07 January 2011
Indonesian Actors & Actresses to be Drug Tested...
Actors and actresses are just like anyone else in the community, they have their demons to confront. Sometimes these demons are legal like alcohol sometimes they are illegal like recreational drugs and narcotics. Yet, until yesterday it seemed unlikely that Indonesian actors and actresses were going to be subjected to mandatory drug testing prior to being permitted to work in film or television.
It would be interesting to see a statistical analysis as to whether actors are any more susceptible to drug use than the rest of the Indonesian community. The reality is that a celebrity with a drug addiction or a celebrity caught in possession of drugs and looking at jail time is far more news worthy in terms of shifting papers and selling advertising than is a young kampung girl newly arrived in the big city. Maybe the reporting of celebrity-linked drug offenses serves to distort the seriousness of the problem.
According to the Chief Detective of the Jakarta Police, Anjan Pramuka Putra, the Indonesian Film Actors Guild (Parfi) has requested police assistance in conducting urine tests on actors. In some cases the results may indicate that the actor or actress tested has taken an illicit substance, but the reality is that acting is not a sport and it is unlikely that taking drugs is going to improve performance. In fact, a drug addiction is likely to impact negatively on the ability to work or maintain consistent performance.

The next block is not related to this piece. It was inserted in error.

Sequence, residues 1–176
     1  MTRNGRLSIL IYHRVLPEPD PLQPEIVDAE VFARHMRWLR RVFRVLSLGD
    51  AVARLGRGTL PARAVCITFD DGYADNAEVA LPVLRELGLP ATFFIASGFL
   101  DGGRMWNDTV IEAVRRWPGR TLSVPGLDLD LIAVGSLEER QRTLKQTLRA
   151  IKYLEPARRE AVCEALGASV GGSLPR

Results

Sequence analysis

For example, an actor or actress may take steroids in an attempt to "buff up" for a role, or to transform their appearance, and in so doing breach the prevailing laws and regulations. Yet, is the intent of the Parfi request to catch all those using any scheduled prescription, recreational or illegal drugs or is it just to catch those with addictions to drugs like shabu-shabu (crystal meth), marijuana, heroin, or ecstasy.
I wonder whether actors and actresses are going to be supportive of the Parfi request. Is it possible that there will be a mass exodus of Parfi members or some kind of actors strike in protest of this invasion of their privacy, particularly considering a urine sample can be tested for a whole lot more things than just to find those using drugs.
Should we be concerned that this is just the first step in mandatory random drug testing for everybody irrespective of who they are or what they do. For example, can prospective employers demand a candidate for a position at their company undertake a drug test as part of the interview process. Or, can the government demand a drug test to be taken before providing a government benefit or paying a tax return. The mind boggles at the possibilities.